I want to build a JavaScript function that transforms text into another format, from this:

1.  [4-17]  `public direct`
2.  [18-29] `routing.key`
1.  [35-41] `direct`
2.  [42-52] `routingkey`

To this:

MATCH 1: [Group 1: public direct] [Group 2: routing.key]
MATCH 2: [Group 1: direct] [Group 2: routingkey]

I've been messing with this code in my Chrome browser console using regex replacements, however it will not replace anything. Here is one of the approaches I've tried, a is the test object, the problem is on the second replacement:

a = "MATCH 1 \n\
1.  [4-17]  `public direct` \n\
2.  [18-29] `routing.key` \n\
MATCH 2 \n\
1.  [35-41] `direct` \n\
2.  [42-52] `routingkey`"

var repl = a.replace(/^(MATCH\s\d+)\s*/gm, "$1: ")
            .replace(/(\d+)\.\s+\[[^]]+\]\s*`([^`]*)`\s*/g, "[Group $1: $2]")
            .replace(/(?=MATCH\s\d+: )/g, "\n")


Studying regex101 demos, the pattern /(\d+)\.\s+\[[^]]+\]\s*`([^`]*)`\s*/g will replace properly in PHP (PCRE) and Python, but not on JavaScript.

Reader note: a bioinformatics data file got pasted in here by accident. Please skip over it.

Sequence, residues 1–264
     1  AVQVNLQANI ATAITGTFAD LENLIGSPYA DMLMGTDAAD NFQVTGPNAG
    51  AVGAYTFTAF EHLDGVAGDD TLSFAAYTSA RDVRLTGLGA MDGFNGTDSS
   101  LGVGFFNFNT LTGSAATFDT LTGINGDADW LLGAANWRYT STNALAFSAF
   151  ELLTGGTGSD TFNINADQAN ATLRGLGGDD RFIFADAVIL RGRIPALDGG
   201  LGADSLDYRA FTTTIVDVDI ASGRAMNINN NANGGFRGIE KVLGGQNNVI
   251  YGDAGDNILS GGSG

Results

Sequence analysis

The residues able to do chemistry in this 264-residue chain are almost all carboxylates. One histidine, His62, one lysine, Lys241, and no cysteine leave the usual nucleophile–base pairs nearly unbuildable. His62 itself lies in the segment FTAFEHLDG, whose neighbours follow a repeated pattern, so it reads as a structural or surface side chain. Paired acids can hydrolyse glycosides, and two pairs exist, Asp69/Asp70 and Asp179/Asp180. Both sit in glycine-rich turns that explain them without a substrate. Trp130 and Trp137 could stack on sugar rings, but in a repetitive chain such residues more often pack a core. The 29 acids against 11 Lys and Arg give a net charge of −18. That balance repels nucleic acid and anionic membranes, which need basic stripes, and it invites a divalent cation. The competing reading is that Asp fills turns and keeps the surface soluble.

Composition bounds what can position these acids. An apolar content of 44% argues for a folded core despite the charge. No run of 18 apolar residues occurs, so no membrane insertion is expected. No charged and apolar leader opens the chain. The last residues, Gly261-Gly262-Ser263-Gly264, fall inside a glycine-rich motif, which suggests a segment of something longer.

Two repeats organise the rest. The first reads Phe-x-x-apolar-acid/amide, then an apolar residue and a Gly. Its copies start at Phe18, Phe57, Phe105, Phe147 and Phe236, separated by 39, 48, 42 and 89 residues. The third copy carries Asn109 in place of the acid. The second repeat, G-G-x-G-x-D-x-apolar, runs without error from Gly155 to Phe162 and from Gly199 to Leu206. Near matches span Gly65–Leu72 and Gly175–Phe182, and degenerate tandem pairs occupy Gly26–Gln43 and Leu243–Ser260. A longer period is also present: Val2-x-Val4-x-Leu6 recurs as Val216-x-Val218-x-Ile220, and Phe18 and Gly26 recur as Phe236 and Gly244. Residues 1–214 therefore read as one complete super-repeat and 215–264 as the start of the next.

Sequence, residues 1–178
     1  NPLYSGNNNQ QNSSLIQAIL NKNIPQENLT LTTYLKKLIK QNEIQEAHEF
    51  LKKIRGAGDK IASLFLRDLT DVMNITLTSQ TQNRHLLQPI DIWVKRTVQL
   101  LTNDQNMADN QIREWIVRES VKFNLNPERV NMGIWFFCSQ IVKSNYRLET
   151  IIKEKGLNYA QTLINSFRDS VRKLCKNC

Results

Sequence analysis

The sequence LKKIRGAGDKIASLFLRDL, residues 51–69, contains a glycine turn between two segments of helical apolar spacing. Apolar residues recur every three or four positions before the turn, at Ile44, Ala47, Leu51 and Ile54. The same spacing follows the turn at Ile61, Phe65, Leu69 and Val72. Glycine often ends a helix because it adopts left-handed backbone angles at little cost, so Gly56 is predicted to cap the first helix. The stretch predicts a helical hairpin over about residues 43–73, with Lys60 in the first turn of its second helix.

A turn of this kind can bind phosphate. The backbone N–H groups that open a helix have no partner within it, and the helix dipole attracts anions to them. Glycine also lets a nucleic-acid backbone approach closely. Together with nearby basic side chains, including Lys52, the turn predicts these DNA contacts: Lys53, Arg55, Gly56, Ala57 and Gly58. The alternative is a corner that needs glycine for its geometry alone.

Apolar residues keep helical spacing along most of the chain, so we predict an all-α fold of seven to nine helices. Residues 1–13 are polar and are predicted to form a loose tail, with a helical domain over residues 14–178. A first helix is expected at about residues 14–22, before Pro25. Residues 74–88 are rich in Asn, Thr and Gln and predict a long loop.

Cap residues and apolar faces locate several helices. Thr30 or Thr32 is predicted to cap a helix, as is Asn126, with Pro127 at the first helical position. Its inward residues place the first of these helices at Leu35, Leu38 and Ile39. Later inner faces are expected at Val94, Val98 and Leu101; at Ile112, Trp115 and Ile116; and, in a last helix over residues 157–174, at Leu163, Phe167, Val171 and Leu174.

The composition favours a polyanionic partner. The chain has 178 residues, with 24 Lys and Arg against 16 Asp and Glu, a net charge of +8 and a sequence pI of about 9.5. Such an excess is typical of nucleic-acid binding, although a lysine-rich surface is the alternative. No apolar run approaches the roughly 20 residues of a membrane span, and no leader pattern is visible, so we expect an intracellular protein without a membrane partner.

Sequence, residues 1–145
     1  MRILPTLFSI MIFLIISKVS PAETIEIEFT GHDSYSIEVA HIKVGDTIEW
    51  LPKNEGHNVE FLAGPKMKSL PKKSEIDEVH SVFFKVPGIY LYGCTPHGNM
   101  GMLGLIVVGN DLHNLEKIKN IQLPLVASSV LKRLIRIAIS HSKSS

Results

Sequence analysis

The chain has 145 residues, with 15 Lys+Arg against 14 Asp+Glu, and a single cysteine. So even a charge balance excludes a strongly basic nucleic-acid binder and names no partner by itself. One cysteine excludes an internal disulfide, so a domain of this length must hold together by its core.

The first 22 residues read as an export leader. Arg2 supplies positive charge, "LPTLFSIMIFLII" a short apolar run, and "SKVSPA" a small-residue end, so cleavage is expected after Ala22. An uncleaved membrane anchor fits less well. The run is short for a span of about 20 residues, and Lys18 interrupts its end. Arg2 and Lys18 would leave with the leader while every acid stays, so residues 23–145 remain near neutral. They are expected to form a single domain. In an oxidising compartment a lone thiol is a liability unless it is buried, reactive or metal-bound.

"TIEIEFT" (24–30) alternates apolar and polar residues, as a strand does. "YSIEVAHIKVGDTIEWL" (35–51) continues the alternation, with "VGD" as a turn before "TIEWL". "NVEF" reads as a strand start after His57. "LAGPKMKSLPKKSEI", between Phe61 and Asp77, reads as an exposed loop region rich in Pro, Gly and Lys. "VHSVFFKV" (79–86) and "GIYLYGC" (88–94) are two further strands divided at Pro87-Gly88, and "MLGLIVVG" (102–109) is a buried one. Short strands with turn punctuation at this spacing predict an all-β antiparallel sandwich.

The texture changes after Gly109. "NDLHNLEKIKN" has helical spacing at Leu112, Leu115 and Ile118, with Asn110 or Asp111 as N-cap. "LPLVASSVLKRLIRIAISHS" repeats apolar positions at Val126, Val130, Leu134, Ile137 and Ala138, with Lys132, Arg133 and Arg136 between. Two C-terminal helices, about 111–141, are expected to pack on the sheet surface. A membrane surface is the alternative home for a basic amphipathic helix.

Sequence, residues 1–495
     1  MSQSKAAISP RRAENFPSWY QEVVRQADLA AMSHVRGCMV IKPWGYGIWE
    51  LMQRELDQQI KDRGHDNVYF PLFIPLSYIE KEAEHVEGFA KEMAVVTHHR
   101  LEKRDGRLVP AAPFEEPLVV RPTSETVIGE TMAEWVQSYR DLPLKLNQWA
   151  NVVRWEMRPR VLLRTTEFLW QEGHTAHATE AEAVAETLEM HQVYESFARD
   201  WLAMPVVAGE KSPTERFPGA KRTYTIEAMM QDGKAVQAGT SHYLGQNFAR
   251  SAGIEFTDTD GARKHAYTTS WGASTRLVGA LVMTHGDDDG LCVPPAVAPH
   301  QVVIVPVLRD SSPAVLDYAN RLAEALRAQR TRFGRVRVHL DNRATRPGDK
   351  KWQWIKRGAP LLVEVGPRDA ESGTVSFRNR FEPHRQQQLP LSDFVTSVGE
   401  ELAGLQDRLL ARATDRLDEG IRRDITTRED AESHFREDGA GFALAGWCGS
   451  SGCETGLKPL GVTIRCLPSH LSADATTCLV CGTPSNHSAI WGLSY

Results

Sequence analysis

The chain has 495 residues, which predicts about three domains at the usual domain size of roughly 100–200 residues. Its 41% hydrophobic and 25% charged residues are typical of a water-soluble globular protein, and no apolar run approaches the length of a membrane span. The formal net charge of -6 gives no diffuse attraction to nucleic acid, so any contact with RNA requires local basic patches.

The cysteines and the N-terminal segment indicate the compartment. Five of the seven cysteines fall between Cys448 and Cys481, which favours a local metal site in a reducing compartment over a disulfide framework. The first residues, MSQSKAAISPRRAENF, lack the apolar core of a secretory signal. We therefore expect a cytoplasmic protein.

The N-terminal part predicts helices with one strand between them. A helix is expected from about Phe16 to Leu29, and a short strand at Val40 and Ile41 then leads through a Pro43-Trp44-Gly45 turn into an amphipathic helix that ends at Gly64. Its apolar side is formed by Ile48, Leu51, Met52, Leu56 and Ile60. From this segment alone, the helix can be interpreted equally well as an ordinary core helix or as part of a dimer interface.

• 2
    You must escape ] in character class because In javascript [^] mean all characters – walid toumi Sep 20 '14 at 15:41
up vote 4 down vote accepted

For PCRE implementations, a closing square bracket on its own does not need to be escaped since it is the first meta character inside of the character class. In JavaScript, [^] represents a valid character class.

As quoted from the PCRE documentation:

A closing square bracket on its own is not special by default. However, if the PCRE_JAVASCRIPT_COMPAT option is set, a lone closing square bracket causes a compile-time error. If a closing square bracket is required as a member of the class, it should be the first data character in the class (after an initial circumflex, if present) or escaped with a backslash.

Therefore, you need to escape this character.


Working Demo

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